Holistic to me means using a systems approach. In situations of spiritual abuse, I typically consider both the human systems and the organizational systems, as together these create an entire culture. And in the case of abuse there are typically the perpetrator, active enforcers, and silent enablers – and a parallel system on the other side: survivors, vocal advocates, and personal supporters. Any holistic approach to personal recovery and organizational restoration via restitution must consider all six of those roles.

The trajectory of our journey toward Christlikeness involves where we came from, where we are now, and where He is taking us. As a futurist, my main purpose is to (re-)inspire hope among God’s people. This means helping them to imagine a horizon they couldn’t see before. Typically, the only way toward that future requires first understanding the past so it truly can be put behind us, not simply denied, overlooked, or thinking it will never affect us again as long as we’ve forgiven the perpetrator … assuming we can forgive-then-forget, which I’m not sure is anywhere in the Bible. Restitution provides survivors of wrongdoing with opportunities to find resolve about what happened to them that was not their fault, and to move toward deeper levels of healing and recovery.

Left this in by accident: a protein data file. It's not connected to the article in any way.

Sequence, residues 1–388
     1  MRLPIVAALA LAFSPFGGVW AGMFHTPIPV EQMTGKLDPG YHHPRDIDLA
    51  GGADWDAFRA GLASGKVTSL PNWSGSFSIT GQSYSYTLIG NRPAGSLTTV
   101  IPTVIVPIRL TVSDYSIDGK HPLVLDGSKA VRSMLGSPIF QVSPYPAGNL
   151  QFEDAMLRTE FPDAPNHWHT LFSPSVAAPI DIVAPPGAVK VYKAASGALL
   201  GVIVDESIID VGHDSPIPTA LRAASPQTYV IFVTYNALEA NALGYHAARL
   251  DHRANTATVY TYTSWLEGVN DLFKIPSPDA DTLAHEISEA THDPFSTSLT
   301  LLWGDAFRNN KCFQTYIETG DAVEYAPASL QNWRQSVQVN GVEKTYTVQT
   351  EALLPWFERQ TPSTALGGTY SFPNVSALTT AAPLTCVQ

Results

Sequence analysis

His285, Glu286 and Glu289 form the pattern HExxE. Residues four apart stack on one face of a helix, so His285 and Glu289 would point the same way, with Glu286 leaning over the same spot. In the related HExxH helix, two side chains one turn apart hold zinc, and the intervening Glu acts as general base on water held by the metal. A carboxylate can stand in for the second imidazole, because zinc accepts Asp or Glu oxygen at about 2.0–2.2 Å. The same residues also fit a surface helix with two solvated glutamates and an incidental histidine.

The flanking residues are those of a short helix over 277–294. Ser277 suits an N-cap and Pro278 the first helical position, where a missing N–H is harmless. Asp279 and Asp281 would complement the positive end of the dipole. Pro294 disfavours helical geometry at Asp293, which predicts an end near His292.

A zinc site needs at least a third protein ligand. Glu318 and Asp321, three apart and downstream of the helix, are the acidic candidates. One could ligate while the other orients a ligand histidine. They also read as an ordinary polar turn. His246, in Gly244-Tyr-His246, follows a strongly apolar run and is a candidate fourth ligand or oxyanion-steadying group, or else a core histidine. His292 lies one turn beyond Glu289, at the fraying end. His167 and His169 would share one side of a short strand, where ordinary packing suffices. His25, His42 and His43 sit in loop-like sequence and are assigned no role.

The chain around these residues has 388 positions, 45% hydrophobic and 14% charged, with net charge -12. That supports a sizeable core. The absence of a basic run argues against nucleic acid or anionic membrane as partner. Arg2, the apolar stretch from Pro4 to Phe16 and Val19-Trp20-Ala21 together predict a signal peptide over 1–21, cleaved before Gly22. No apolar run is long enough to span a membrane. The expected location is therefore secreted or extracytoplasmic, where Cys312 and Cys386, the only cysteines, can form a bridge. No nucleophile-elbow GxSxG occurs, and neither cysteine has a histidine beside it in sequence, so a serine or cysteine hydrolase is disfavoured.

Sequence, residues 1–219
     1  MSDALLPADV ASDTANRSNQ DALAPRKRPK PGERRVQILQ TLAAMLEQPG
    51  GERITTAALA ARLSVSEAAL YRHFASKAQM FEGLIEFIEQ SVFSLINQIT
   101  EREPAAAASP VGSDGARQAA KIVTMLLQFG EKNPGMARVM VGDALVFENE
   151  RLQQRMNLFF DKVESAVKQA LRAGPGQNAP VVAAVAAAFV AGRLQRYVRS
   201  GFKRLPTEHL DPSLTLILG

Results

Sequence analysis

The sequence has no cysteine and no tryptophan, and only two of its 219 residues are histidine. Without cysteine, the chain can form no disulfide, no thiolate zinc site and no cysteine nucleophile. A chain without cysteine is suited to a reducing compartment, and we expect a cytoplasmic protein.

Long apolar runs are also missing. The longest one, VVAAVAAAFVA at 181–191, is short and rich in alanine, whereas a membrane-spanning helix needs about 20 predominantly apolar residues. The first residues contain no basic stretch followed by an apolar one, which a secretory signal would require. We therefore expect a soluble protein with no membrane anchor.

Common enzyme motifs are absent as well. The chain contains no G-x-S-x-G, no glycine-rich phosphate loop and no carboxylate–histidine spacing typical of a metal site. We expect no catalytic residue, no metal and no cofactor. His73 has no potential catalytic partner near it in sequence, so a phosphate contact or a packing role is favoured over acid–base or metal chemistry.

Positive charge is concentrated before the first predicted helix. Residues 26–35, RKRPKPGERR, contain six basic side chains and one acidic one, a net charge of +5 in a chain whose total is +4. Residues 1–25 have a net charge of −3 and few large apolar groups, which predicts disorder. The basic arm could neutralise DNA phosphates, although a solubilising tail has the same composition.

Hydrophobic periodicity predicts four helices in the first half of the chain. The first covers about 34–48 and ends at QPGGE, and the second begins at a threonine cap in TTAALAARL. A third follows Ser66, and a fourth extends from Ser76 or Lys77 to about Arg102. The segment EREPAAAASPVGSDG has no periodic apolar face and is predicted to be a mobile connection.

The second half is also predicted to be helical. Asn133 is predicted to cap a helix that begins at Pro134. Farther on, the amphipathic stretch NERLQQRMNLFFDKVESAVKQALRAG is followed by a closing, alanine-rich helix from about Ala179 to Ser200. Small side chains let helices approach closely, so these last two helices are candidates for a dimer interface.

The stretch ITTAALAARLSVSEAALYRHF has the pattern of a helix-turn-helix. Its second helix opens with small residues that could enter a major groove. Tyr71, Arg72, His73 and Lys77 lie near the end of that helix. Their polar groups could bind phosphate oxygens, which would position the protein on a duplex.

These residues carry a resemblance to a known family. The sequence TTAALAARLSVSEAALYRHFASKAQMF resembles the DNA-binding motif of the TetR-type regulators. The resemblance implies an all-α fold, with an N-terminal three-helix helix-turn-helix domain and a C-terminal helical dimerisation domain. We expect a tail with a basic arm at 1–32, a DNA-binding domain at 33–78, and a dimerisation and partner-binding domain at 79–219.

Restitution #1 – We publicly admit to moral, ethical, legal responsibility for failure to report, & accept consequences. #IStandWithSGMVictims

So much of what wrongdoing, abuse, and negligence are about is hiding in the darkness. Whether it is out of self-protection, loyalty, guilt, shame, fear, or other motives, keeping wrongdoing in the dark does not represent the Kingdom of the One who is the Light of the World. Yes, public admission of responsibility for causing harm makes you vulnerable, but it is absolutely core as signally your new or renewed willingness to accept consequences for your actions – especially in your role as leader.